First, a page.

The NHS provides British researchers with an enormous repository of healthcare data. The national public health provider collects, processes, and publishes data and information from across the country’s health and social care system. Researchers turn to this information to help them with everything from physician research to university theses to media reports. However, with a massive volume of information (including for example 287 reports published by NHS Digital last year alone), researchers usually need to navigate through multiple webpages and/or complex keyword searches to find what they need.

In order to simplify the information retrieval process for researchers, NHS Digital (the NHS Arm’s Length Body responsible for data) has partnered with IPsoft to build a virtual data digital colleague. Built on the Amelia platform, and rebranded as NHS Digital’s Virtual Data Assistant (ViDA), the cognitive system is available from now until Oct. 18 to assist various audiences, which in the past year have viewed NHS data more than 2 million times and downloaded more than 1 million records. As a conversational platform, ViDA answers questions about data and information, and is available as a resource to translate clinical and colloquial terms for researchers unfamiliar with medical terminology.

ViDA also answers questions regarding the Data Access Request Service (DARS), which allows researchers to request access to unpublished information. The application process is lengthy, includes a fee and requires strict security protocols. ViDA guides users through their questions about the process, and directs users to videos and written content.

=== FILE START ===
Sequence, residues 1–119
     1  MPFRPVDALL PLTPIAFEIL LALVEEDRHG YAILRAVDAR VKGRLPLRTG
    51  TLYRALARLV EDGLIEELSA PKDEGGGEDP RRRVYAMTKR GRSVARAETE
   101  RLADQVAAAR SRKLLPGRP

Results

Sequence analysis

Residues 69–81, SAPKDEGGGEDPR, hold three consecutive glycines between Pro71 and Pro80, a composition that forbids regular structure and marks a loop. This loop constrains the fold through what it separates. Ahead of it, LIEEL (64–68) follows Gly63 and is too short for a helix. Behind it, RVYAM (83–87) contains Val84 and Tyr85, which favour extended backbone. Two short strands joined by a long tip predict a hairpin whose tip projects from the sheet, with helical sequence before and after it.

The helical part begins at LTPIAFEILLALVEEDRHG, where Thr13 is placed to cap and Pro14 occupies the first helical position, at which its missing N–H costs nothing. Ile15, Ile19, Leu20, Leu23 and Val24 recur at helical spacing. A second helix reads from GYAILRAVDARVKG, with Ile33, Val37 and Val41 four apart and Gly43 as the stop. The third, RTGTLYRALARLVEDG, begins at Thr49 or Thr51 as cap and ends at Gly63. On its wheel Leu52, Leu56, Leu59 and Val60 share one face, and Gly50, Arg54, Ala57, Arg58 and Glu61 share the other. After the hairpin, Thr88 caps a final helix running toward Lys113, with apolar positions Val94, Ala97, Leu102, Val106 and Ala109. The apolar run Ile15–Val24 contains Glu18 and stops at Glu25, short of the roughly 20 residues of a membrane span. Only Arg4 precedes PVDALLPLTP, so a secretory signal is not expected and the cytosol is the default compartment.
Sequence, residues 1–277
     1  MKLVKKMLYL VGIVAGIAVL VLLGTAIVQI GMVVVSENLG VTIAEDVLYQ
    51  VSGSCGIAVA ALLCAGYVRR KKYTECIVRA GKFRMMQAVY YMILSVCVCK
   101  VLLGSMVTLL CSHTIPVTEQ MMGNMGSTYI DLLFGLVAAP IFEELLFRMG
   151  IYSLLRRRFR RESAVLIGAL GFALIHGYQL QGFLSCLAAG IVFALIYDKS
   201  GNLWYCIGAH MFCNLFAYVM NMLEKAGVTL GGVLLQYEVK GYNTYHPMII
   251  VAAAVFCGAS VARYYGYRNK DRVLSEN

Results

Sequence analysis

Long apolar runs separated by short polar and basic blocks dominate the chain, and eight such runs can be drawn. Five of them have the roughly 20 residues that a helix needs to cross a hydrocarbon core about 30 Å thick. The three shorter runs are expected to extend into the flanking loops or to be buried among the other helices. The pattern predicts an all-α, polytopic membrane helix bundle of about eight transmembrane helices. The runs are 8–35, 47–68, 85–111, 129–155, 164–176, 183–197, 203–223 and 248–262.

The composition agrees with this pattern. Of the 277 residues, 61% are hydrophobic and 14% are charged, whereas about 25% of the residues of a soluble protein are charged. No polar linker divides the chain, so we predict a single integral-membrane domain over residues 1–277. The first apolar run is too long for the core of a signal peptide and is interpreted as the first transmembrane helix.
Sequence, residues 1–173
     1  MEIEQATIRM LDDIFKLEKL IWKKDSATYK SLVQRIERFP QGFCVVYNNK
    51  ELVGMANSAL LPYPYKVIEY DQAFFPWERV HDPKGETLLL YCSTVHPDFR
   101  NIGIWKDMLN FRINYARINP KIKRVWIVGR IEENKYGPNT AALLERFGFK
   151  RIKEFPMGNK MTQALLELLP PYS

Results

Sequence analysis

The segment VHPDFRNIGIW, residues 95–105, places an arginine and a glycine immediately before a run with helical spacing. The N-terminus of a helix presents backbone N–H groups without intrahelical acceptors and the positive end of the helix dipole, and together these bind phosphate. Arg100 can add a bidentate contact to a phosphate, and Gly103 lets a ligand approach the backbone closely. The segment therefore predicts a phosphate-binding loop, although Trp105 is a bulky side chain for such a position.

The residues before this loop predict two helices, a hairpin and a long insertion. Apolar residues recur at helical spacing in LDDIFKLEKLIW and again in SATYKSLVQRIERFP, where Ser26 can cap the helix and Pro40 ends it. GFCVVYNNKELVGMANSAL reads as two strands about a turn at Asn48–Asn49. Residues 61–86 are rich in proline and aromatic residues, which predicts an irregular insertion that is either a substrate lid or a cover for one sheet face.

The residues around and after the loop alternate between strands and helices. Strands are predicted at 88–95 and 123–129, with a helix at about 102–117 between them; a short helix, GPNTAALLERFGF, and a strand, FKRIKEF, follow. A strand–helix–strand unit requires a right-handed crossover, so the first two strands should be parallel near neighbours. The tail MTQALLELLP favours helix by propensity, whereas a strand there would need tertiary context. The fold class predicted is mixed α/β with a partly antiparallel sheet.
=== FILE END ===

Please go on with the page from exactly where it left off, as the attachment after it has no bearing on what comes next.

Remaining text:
What Users Can Expect

In its first week on the job, ViDA handled 150 chats, recording very high scores for performance and context understanding. Given that initial success, ViDA is expected to handle hundreds of chats during the length of the pilot. Amelia, or ViDA in this case, is built to work in collaboration with humans to help them find the information they need.

ViDA is capable of understanding emotions like anger, frustration and sadness – which is a critical consideration when dealing with large request volumes from various audiences. And it is smart enough to know when a task is outside of its purview, at which point ViDA will direct researchers to a human colleague for help. All of this adds up to a more human experience, one that researchers (we believe) will prefer over lengthy keyword queries. ViDA is not designed to advise on medical issues or to provide medical advice, and does not collect any information. Users are encouraged to download a copy of their conversation transcript from each interaction with ViDA by clicking on a download tab on the tool.

ViDA is just one example of how cognitive technologies such as Amelia can be used throughout healthcare systems. As the program progresses, NHS Digital is requesting user feedback. If you access ViDA, be sure to record yours by emailing NHS at [email protected].

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